Personification, apostrophe, and imagery are the main techniques used to employ meaning in "To Autumn ." Namely, Keats uses personification in order to give Autumn human qualities in almost every single image. The most famous one from the poem, of course, is in calling Autumn the "close bosom-friend of...
Personification, apostrophe, and imagery are the main techniques used to employ meaning in "To Autumn." Namely, Keats uses personification in order to give Autumn human qualities in almost every single image. The most famous one from the poem, of course, is in calling Autumn the "close bosom-friend of the maturing sun." Autumn is also shown to be "conspiring" with the sun in order to produce a fruitful harvest. Therefore, the sun is also personified indirectly (in that it is a "friend" and a "conspirerer" as well). Autumn is also described as "sitting careless" and having "hair soft-lifted" in drowsing.
Keats also uses apostrophe in his poem to help employ meaning to the reader. Apostrophe is the device used when a poet invokes something that is not human (an animal, an idea, even a dead person) or someone who is not there with direct address. Keats directly addresses Autumn mostly in the last stanza of his poem after he questions where the "songs of Spring" are by saying "Think not of them, thou hast thy music too." Sometimes apostrophe can do more for giving an abstract idea human qualities than even personification can!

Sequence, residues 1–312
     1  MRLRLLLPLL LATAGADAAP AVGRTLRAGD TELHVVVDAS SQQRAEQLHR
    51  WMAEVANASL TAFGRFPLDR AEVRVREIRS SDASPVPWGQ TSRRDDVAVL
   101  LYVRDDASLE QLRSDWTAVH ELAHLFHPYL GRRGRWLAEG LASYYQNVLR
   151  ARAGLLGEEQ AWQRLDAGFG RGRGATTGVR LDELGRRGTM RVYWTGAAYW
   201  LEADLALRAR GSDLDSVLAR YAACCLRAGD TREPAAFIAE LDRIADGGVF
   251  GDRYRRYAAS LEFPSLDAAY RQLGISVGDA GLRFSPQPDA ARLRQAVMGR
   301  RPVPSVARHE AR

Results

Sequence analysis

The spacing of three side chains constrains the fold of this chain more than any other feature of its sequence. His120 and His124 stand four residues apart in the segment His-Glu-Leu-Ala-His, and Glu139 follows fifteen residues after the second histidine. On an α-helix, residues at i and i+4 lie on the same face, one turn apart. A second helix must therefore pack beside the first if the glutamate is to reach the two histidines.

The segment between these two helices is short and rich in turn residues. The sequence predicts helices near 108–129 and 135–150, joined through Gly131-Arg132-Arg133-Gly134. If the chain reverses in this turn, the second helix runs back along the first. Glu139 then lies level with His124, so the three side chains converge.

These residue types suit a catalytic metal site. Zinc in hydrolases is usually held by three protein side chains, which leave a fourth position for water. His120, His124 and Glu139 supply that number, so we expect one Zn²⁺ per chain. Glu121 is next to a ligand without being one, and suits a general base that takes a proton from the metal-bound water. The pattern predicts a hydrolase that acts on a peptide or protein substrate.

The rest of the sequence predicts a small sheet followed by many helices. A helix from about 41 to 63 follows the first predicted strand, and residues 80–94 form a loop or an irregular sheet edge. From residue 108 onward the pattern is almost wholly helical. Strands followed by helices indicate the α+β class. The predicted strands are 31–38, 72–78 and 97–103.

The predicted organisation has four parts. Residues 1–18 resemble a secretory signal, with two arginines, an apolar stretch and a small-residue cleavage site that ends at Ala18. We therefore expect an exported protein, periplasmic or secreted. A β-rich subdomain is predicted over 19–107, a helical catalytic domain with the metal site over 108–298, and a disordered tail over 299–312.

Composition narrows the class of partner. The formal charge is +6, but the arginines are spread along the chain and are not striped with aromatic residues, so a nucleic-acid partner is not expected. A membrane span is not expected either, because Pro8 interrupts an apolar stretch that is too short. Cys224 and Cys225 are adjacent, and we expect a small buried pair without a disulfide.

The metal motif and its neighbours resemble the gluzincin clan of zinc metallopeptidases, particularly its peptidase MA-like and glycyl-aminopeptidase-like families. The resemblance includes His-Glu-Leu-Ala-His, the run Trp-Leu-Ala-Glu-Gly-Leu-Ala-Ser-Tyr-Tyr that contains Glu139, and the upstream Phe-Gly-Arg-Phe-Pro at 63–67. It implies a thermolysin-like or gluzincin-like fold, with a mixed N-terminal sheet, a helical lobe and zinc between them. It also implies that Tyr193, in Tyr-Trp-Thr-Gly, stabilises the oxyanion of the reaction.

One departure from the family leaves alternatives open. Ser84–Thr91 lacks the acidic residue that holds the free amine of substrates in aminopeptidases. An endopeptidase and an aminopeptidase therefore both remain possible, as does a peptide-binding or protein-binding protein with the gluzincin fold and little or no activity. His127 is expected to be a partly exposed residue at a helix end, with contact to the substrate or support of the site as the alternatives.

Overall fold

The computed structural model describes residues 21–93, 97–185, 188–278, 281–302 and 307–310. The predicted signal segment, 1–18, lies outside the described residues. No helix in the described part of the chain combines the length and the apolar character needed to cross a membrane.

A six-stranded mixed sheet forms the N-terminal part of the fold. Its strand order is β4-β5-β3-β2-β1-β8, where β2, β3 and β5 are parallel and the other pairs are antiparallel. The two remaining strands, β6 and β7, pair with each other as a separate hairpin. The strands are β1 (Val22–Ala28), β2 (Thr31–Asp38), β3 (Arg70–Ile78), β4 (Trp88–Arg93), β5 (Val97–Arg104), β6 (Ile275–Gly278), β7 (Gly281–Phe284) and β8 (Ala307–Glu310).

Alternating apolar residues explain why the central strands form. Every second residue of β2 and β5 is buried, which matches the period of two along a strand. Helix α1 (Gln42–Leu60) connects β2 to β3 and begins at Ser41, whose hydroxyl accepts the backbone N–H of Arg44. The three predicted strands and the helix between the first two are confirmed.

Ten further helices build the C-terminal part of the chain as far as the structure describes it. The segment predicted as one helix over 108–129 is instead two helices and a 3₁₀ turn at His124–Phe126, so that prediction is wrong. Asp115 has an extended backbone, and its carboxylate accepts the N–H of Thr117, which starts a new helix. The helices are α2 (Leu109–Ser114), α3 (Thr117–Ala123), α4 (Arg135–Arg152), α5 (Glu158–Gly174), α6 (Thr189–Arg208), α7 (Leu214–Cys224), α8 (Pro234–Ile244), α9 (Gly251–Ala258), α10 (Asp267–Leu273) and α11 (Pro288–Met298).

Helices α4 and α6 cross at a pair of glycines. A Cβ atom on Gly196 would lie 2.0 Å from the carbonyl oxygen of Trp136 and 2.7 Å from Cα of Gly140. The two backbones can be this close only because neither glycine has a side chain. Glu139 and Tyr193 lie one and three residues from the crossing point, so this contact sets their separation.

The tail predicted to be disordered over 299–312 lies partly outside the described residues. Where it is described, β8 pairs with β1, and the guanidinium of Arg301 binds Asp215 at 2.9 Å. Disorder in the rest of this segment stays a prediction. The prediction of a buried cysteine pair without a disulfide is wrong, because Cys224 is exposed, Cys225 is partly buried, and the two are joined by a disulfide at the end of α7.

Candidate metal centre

Of course, no one could talk about "To Autumn" without mentioning the rich imagery here! All five senses are evoked! In regards to sound images (which are mostly represented in the last stanza), we have the buzzing "bees" and the "winnowing wind" and the "music" of Autumn as well as the "choirs of gnats," the "lambs loud bleat," the songs of "Hedge-crickets," and the "red-breast whistles." There are plenty of touch images as well such as the "mists," the "clammy cells" of the bees, Autumn's "soft-lifted" hair, the "oozings" of the ripe fruit. Touch, of course, can bleed into taste imagery as the "oozings" of ripe fruit also appeals to taste as does the "fruit with ripeness to the core," the "sweet kernel," the "cider press," and simply the plural noun "apples." In regards to smell (the least used method of imagery here), Keats adds "later flowers for the bees" and "the fume of poppies." In regards to sight images, most every noun can be one. Most of the examples above can also be sight images. However here are two of my favorite collections from the poem:
To bend with apples the mossed cottage-trees, / And fill all fruit with ripeness to the core; / To swell the gourd, and plump the hazel shells / With a sweet kernel; / to set budding more, / And still more , later flowers for the bees.
Full-grown lambs loud bleat from hilly bourn; / Hedge-crickets sing; and now with treble soft / The red-breast whistles from a garden croft; / And gathering swallows twitter in the skies.
Yes, Keats' poem with all of it's glorious imagery makes me wish for sweet autumn to be here (instead of this horribly chilly and pollen-filled spring).